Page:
“I love Rhode Island,” Cooley said. “I’ll be buried here. I love the water, I love the people, I love the accents, I love the food. I think the pressure here has helped me. Every time we lose, I feel like I’ve let everybody down. I feel a sense of urgency to win for everybody else, not myself.”


From the trenches to success

Like DeCosta-Hayes, Emma grew up dreaming of playing in the Olympics. The biggest obstacle he had to overcome was his size.

“I was always told that, no matter how successful I was, I was too small to play,” Emma said. “I never let any of that negativity affect me. I knew that I had that inner strength, I had that drive and I had that commitment.”

As a young man, Emma worked digging trenches for his father’s plumbing company. Instead of allowing Emma to use a machine, his father made him use a pick to dig the trenches by hand.

“That’s what showed me that there wasn’t anything in life I couldn’t accomplish,” Emma said.

The hard work certainly paid off for Emma. As a senior right-winger at Boston College in 1991, Emma won the Hobey Baker Award as the best player in college hockey. He was drafted by the New Jersey Devils later that year, which marked the beginning of a 10-year NHL career with the Devils and the Florida Panthers.

In 1992, Emma’s dream came true when he was selected to play for the U.S. Olympic Team. Emma cites the Olympic opening ceremonies, winning the Hobey Baker Award and seeing his number retired by Boston College as the three proudest moments of his career.

Emma now resides in Florida with his family, but comes back frequently to visit his parents and sister.

“Rhode Island is home,” Emma said. “My roots are here and my family is here. I wouldn’t be where I am today if it wasn’t for the people who supported me in Rhode Island, going back all the way to my youth hockey days.”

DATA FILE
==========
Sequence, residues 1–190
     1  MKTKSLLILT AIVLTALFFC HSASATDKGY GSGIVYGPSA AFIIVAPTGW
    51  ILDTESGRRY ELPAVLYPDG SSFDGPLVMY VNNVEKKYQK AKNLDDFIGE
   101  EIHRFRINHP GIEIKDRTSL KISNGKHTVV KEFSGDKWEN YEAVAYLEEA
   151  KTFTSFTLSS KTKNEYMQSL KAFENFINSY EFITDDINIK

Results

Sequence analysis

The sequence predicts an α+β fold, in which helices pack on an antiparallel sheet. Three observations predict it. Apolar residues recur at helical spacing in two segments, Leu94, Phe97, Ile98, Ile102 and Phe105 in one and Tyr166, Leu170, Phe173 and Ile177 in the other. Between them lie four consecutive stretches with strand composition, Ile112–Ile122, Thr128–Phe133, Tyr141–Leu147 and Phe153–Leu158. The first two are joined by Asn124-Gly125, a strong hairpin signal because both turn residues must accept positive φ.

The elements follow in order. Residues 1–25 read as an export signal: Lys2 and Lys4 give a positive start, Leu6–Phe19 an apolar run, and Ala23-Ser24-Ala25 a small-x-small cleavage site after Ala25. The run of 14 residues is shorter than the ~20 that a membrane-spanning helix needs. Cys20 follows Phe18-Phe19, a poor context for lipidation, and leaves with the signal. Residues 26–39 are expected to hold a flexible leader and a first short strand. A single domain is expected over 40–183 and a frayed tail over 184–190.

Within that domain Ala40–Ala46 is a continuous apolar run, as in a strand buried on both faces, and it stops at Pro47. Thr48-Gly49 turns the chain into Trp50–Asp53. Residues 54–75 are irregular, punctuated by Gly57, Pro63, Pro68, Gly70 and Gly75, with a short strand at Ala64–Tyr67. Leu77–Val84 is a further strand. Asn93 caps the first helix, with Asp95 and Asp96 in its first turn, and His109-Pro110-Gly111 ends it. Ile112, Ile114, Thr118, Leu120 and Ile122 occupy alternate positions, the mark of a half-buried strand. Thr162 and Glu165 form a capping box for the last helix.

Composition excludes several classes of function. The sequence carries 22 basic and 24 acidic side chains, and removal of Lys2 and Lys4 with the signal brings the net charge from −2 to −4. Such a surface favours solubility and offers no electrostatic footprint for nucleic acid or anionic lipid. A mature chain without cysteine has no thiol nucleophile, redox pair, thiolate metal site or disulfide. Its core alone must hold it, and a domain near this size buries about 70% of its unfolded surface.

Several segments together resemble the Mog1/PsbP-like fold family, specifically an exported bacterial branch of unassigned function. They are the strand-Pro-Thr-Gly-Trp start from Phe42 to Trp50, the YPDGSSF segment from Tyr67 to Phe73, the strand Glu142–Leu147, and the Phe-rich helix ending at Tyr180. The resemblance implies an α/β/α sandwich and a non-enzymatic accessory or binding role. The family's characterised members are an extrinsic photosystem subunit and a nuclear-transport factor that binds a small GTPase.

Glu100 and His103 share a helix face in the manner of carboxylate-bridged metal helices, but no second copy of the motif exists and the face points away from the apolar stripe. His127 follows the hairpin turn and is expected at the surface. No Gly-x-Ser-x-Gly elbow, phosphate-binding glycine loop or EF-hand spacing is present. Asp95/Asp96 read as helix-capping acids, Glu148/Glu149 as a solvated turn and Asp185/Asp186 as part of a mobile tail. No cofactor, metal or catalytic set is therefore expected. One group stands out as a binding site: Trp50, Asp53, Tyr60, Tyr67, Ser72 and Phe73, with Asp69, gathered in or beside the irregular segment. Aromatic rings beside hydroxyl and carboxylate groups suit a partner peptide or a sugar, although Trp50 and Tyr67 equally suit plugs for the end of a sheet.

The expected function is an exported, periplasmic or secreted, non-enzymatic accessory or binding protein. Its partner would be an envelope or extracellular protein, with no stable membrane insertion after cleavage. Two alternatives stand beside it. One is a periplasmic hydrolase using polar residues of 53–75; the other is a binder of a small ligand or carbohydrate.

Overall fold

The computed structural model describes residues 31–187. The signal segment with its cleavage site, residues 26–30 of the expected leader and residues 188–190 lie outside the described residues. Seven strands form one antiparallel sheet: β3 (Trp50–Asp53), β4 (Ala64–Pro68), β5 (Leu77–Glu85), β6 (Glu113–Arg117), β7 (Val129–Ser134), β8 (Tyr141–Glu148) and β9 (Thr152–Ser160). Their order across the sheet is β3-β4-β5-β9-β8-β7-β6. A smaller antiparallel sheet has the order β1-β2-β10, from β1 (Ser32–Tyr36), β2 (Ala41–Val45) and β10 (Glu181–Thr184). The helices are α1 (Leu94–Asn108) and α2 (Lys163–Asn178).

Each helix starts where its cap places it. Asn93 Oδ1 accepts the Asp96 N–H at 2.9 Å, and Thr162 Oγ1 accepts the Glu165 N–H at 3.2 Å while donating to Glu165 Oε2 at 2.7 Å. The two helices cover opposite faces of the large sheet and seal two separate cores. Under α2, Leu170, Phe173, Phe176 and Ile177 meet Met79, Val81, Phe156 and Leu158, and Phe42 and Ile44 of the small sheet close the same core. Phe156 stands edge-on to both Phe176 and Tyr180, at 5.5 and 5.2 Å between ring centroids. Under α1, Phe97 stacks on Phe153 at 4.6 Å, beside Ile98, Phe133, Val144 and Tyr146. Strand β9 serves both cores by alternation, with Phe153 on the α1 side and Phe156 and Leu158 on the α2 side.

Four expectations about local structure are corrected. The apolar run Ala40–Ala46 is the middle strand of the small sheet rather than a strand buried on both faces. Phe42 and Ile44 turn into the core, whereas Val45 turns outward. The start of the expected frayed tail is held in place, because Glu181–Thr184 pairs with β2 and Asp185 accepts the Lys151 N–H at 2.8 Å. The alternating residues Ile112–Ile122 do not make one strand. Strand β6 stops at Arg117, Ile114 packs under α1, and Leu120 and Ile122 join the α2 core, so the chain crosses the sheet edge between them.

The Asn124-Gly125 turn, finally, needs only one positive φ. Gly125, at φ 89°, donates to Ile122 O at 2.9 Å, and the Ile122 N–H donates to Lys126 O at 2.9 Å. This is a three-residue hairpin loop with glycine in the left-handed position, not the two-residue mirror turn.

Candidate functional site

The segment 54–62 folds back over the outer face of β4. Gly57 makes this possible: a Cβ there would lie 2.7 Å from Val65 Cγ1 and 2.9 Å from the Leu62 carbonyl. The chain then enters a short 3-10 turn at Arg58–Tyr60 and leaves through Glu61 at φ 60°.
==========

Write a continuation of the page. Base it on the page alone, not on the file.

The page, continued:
‘A lasting sport’

Since winning her first Rhode Island Women’s Golf Association title when she was 17 years old, Chaffee has become the only woman to win a Rhode Island State Championship in four different decades. She is also the only woman to win the Rhode Island Golf Association’s junior, regular and senior championships.

And Chaffee’s illustrious career isn’t even over yet; the 69-year-old won her fifth and most recent senior championship in 2012 and tallied her eighth career hole-in-one last year. She practices every day from 6 a.m. to 8 a.m., goes to work and then plays a round in the evening.

“It’s been a fun time, and I’ve enjoyed it,” Chaffee said. “It’s a lasting sport.”

Chaffee teaches golf to junior players for six weeks each spring and sees her work as a good way to give back to the state she loves.

“I’ve been so privileged to have been born in Rhode Island,” Chaffee said. “Rhode Islanders stick with Rhode Islanders. There’s nothing like a Rhode Island person.”